Either, we stumbled toward the falls. The wallop grazed each
                        Wading in calf-deep, I was happy, strong, splashed him
wanting to peel off my clothes, the water to whir like a prism
                        hiding every distraction. I wanted to be hip-deep,
in you and me, at you, at us, before inevitability.

Close your eyes, feel this lay on your forehead. Tell me
                     again about the faucet, water Mama drew so hot
that the porcelain wept deep as anguish.
                     Hard to tell. Maybe the wet came from over there,
your lashes hesitating to give way, to flutter.
                     Either way, you bit that pouting bottom lip,
groaning all the while for the content you get
                     from lipstick on nose's cradle, you don't
wanna rub it off. Just like I am made to hunger
                     after the musk of your dark, hidden hairs,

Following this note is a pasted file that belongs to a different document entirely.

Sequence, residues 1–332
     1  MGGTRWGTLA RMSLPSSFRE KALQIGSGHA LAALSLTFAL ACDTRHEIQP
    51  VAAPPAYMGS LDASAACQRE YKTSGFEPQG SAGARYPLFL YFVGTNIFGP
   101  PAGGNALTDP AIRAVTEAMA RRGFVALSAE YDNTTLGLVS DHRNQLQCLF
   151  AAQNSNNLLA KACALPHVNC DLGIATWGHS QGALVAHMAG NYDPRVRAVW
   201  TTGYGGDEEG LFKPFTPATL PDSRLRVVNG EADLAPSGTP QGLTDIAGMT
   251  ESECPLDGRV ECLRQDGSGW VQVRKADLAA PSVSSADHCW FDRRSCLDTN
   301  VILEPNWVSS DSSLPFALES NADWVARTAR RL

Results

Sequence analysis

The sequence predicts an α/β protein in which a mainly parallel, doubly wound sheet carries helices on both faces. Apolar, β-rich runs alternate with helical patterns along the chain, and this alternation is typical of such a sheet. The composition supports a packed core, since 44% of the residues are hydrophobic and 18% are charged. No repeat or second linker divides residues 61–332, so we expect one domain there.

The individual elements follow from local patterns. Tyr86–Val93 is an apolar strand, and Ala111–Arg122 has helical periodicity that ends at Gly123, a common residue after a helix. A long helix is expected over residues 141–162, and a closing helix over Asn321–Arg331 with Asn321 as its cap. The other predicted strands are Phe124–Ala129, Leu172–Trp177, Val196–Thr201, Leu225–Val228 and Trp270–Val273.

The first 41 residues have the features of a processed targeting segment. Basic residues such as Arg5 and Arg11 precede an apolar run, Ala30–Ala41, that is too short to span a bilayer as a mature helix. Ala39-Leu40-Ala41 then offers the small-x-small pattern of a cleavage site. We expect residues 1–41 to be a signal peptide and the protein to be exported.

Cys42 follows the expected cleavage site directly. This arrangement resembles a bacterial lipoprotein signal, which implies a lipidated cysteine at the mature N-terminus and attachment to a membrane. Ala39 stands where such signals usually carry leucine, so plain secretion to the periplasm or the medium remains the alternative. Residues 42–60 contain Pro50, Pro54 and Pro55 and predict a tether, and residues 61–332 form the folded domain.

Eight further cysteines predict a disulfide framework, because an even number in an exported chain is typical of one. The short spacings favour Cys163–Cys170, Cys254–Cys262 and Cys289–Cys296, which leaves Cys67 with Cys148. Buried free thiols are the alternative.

trilling for each and all. Even you, marked by
                     freckles, scars, divides, be proud of each,
these kisses savored under sun, yes
                     the sun inside, and someday right now
my fragrant, flowered love. By some magic bullet
                     or by sunshine, some way, every page will rise
into sky, like oxygen, from those red lips to mine.


Today's book of poetry loved Rachel Danielle Peterson's A Girl's A Gun.  Wickedly powerful, powerfully wicked.

Peterson has an honest authority, she wields language like a sharp knife, she cuts clean.  These poems burn hard.


Rachel Danielle Peterson

Rachel Danielle Peterson is a contributing editor at Poet’s Quarterly and a member of VIDA. Her work has received numerous honors and has been featured in Front Porch, Literary Imagination, Arsenic Lobster, Midwestern Gothic, Los Angeles Review, Upstart, Her Royal Majesty, the Inspirer, and Revolver.